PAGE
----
Revocable Trusts: A Fundamental Component Of An Estate Plan
By: Moshe B. Genet - February 12, 2019
One of the fundamental components of an estate plan is a revocable trust. While both wills and revocable trusts direct distributions of assets upon the Grantor’s death, a revocable trust with properly titled assets will keep the grantor’s family out of probate court and avoiding unnecessary court costs and professional fees. Another additional benefit of a revocable trust is the significant protections it provides the grantor should they become disabled or incapacitated. While it may be uncomfortable to plan for a possible disability, having the proper provisions in your revocable trust can put you and your family at ease.
KEEPING YOU OUT OF PROBATE COURT
Assets owned individually will upon death require probate. Assets owned in a revocable trust avoid probate because the revocable trust has a separate legal identity. This allows the beneficiaries to escape the significant expenses of the probate process. Also, a revocable trust provides the estate with a level of privacy that cannot be accomplished by a will.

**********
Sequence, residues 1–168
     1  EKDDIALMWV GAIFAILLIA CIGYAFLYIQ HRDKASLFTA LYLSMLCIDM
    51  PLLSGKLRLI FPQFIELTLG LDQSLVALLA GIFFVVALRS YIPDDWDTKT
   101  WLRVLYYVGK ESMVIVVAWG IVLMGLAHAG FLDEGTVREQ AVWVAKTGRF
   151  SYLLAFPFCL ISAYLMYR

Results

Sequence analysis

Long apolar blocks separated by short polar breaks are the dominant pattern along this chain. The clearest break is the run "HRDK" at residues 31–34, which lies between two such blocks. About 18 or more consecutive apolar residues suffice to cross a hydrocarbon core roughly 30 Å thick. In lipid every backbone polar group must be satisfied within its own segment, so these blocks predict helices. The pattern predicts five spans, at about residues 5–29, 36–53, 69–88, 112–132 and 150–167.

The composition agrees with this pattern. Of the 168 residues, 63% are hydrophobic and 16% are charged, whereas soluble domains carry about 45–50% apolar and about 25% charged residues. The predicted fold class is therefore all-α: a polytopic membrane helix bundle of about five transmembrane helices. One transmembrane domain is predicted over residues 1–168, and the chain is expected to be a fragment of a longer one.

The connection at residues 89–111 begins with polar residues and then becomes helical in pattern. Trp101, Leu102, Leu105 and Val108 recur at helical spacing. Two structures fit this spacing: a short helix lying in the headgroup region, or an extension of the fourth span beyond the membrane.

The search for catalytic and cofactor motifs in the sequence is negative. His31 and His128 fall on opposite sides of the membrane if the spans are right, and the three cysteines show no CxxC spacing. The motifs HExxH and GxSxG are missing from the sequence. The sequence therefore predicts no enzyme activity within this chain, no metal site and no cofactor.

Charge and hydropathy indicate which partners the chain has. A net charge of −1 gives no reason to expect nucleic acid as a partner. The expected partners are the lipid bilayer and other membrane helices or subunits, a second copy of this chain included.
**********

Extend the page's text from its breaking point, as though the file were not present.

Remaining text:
Modern medicine is keeping people alive for longer and increasing the risk of living with an incapacity or disability. It is recommended to include provisions in your revocable trust that provide flexibility for the benefit of a grantor who becomes disabled or incapacitated. In the event of an incapacity, the successor Trustee can step in and manage the assets or make payments on the Grantor’s behalf for all medical, social and financial needs.
It is important to reach out to a qualified professional to implement your overall estate plan. Interested in learning more about avoiding probate and planning for a possible incapacity? Contact the experienced attorneys of Morris Law Group.
** Disclaimer Required by IRS Circular 230** Unless otherwise expressly approved in advance by the undersigned, any discussion of federal tax matters herein is not intended and cannot be used 1) to avoid penalties under the Federal tax laws, or 2) to promote, market or recommend to another party any transaction or tax-related matter addressed.